Part 2: Conversation With Connie Ferguson

October 1, 2010 by  

This is Part 2 of the Interview with Connie Ferguson.

Phathu Makwarela:   What do you think of the Connie brand?

Connie Ferguson: Well I think me as a brand, I have become very valuable. It’s time I start working on my own personal wealth for my family. And exploring my value a bit more.  When you are working on a show this big, yes, you are the lead but you tend to get lost, if you know what I mean. With all due respect to other actors, I have been doing this for a very long time, my value is worth more than gold.  Its platinum mine and I need to go mine that platinum.

PM: Have you been made acting offers already?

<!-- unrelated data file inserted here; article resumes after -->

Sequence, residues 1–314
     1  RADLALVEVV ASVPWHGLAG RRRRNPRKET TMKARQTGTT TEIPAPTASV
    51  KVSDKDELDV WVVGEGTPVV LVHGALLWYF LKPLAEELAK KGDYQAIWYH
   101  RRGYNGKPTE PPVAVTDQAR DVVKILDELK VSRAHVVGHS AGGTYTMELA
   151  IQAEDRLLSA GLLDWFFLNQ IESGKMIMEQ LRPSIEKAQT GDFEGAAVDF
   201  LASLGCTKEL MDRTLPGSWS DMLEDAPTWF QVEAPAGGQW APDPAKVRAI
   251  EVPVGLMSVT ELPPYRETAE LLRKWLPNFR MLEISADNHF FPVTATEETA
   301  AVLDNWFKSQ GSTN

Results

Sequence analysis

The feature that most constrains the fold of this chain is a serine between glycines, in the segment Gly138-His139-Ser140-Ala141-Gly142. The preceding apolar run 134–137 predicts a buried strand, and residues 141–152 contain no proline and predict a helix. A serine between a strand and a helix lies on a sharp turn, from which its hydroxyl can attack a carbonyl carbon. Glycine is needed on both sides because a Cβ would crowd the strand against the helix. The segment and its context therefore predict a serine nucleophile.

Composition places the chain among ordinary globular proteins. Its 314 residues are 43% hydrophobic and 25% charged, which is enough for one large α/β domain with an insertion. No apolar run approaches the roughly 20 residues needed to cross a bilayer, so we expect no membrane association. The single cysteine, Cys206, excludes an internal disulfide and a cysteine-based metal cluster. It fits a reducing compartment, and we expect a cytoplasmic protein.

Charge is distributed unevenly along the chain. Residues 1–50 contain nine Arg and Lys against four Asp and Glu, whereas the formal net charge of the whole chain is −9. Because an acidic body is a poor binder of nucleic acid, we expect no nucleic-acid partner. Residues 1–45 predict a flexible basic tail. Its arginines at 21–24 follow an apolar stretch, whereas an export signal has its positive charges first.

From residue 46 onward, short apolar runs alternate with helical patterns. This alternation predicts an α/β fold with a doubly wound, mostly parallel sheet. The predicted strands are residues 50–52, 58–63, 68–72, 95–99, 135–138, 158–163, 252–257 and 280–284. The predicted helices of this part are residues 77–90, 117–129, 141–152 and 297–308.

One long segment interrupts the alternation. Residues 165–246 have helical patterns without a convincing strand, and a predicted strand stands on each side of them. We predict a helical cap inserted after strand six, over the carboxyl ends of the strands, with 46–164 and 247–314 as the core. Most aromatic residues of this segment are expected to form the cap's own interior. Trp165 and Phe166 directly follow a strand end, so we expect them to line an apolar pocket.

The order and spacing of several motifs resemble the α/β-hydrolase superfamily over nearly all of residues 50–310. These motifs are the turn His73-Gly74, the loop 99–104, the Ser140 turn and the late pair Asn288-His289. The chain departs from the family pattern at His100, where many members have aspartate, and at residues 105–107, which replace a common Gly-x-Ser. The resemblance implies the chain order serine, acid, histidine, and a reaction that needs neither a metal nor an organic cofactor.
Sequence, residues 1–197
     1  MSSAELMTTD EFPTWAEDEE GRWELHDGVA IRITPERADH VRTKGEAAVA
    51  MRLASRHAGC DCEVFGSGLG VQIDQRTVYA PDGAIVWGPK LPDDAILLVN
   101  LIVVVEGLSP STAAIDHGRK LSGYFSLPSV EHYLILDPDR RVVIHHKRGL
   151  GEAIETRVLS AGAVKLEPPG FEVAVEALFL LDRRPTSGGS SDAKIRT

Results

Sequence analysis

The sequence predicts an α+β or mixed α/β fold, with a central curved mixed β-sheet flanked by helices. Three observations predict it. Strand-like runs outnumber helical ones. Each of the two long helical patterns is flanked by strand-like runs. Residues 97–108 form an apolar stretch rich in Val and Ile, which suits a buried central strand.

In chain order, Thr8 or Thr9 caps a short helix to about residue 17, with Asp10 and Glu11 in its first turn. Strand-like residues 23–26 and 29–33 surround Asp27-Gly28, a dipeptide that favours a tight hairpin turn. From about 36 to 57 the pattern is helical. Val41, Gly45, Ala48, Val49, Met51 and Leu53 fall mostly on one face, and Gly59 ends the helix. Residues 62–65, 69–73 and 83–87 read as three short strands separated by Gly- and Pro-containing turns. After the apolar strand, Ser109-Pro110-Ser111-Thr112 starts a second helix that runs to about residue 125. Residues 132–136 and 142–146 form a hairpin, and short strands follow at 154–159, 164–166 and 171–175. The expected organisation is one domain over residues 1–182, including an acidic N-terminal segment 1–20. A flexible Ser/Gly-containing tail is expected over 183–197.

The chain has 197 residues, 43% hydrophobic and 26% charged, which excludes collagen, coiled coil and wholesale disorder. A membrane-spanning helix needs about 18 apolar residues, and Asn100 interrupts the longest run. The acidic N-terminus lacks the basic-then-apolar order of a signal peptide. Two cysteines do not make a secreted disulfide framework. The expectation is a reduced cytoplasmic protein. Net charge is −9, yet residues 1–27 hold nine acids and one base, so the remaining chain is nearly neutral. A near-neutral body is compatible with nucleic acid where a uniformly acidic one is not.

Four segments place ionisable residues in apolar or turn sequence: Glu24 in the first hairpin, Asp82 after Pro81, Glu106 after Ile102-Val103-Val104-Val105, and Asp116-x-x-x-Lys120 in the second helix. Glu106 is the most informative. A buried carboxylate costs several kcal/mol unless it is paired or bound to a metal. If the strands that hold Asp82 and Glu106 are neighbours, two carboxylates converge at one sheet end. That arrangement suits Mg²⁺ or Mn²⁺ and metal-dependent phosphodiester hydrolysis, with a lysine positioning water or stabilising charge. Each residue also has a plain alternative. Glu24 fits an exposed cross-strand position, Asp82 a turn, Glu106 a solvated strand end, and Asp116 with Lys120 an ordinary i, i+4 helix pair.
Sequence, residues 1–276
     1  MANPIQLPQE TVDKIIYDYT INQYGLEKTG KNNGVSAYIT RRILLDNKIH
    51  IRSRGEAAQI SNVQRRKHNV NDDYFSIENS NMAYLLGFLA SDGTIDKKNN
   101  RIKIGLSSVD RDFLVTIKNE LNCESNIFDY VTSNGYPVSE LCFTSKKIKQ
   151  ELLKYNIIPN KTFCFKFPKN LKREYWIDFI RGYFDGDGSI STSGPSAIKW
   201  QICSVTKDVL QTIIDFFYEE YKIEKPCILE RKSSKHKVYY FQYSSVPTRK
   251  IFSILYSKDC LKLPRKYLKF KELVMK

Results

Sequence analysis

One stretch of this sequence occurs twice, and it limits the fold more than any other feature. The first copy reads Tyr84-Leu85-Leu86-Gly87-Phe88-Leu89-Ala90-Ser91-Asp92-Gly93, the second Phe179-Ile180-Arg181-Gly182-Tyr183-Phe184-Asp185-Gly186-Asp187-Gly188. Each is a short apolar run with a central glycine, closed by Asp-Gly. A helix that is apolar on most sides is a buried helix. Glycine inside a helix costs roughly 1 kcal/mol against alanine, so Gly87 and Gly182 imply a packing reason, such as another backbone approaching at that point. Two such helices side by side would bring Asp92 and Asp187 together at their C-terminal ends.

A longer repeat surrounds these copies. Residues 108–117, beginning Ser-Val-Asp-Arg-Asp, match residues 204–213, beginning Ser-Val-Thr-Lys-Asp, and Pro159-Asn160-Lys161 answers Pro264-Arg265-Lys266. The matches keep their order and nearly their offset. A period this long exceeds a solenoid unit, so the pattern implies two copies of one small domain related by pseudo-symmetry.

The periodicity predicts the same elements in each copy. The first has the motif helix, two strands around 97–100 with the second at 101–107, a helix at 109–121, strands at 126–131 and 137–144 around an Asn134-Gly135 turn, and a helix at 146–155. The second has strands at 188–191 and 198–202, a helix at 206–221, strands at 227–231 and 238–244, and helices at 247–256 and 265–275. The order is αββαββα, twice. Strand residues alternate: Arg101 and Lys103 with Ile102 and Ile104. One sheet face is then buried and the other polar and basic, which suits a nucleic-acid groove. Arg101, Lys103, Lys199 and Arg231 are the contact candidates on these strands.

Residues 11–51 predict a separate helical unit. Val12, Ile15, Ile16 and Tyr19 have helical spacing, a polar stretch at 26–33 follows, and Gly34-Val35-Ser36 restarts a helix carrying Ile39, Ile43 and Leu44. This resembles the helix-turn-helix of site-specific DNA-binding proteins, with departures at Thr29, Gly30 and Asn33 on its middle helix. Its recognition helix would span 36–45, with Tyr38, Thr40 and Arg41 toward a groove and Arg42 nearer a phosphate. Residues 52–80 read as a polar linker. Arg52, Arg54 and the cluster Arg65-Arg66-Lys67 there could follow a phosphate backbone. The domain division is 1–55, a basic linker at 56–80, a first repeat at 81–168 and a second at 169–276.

CF: You have no idea. But I am taking a  break. If people want me on projects, they can talk to me mid next year. For now, I am setting up offices. I want a fully-fledged office by the time I starting acting again. I need to know that I have the right people with me, a great team and I can delegate. I can’t do that when I am here…. (Since leaving Generations Connie has done a couple of projects, will soon shoot a movie and I hear she is on Ambush – haven’t watched it)

PM: Do you think that the acting offers that are coming your way are from people who want to capitalize on the Connie brand?